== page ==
Do you care about "gray" failures? Can we (network academics) help? A 10-min survey
lvanbever at ethz.ch
Thu Jul 8 13:13:57 UTC 2021
> On 8 Jul 2021, at 14:29, Saku Ytti <saku at ytti.fi> wrote:
> On Thu, 8 Jul 2021 at 15:00, Vanbever Laurent <lvanbever at ethz.ch> wrote:
>> Detecting whole-link and node failures is relatively easy nowadays (e.g., using BFD). But what about detecting gray failures that only affect a *subset* of the traffic, e.g. a router randomly dropping 0.1% of the packets? Does your network often experience these gray failures? Are they problematic? Do you care? And can we (network researchers) do anything about it?”
> Network experiences gray failures all the time, and I almost never
> care, unless a customer does. If there is a network which does not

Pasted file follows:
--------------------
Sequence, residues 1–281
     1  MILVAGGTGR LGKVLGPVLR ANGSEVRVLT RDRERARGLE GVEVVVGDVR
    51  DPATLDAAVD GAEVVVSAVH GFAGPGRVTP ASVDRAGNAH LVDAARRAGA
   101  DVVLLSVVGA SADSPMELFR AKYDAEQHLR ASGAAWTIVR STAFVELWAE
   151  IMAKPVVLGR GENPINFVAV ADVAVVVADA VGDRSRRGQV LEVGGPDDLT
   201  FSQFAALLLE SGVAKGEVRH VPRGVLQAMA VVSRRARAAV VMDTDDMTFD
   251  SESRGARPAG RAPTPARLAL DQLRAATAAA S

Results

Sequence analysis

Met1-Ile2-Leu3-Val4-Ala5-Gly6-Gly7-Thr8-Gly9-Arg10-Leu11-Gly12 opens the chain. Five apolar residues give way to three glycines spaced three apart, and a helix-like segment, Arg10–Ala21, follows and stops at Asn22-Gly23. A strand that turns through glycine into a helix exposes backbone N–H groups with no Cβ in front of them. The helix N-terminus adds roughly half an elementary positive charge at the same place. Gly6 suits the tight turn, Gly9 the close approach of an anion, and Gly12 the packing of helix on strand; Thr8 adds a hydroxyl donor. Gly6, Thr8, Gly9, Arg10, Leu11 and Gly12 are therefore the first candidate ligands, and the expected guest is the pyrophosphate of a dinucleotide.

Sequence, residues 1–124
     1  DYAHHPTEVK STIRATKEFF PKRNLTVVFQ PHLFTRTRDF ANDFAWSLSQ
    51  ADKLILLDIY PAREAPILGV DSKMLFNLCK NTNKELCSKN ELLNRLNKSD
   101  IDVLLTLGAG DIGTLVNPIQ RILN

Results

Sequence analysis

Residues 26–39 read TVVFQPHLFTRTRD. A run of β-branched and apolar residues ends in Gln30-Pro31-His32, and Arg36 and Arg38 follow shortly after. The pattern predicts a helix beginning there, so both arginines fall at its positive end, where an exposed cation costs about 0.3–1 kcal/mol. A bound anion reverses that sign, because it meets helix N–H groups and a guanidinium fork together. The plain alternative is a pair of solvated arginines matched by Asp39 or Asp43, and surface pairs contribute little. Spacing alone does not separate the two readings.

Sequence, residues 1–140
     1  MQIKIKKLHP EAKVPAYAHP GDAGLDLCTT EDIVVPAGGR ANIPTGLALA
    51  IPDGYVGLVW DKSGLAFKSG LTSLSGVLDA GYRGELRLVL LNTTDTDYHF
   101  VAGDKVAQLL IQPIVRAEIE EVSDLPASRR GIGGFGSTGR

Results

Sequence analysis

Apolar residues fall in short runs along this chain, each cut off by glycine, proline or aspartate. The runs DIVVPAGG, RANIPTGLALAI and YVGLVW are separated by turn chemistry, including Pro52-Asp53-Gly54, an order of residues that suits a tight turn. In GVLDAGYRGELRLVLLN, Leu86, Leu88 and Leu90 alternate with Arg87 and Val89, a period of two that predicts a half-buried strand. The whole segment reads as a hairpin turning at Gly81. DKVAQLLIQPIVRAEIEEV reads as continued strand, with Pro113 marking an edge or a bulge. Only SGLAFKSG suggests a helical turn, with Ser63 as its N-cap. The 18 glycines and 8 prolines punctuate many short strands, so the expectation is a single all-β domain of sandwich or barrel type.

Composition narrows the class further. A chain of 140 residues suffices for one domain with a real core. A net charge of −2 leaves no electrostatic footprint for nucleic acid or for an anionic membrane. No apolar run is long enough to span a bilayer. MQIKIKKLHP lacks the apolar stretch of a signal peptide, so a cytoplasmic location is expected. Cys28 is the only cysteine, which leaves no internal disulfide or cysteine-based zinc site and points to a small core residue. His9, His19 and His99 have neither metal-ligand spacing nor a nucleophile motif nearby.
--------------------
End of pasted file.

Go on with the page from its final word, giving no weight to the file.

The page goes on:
> experience these, then it's likely due to lack of visibility rather
> than issues not existing.
> Fixing these can take months of working with vendors and attempts to
> remedy will usually cause planned or unplanned outages. So it rarely
> makes sense to try to fix as they usually impact a trivial amount of
Thanks for chiming in. That's also my feeling: a *lot* of gray failures routinely happen, a small percentage of which end up being really damaging (the ones hitting customer traffic, as you pointed out). For this small percentage though, I can imagine being able to detect / locate them rapidly (i.e. before the customer submit a ticket) would be interesting? Even if fixing the root cause might take up months (since it is up to the vendors), one could still hope to remediate to the situation transiently by rerouting traffic combined with the traditional rebooting of the affected resources?
> Networks also routinely mangle packets in-memory which are not visible
> to FCS check.
Added to the list... Thanks!
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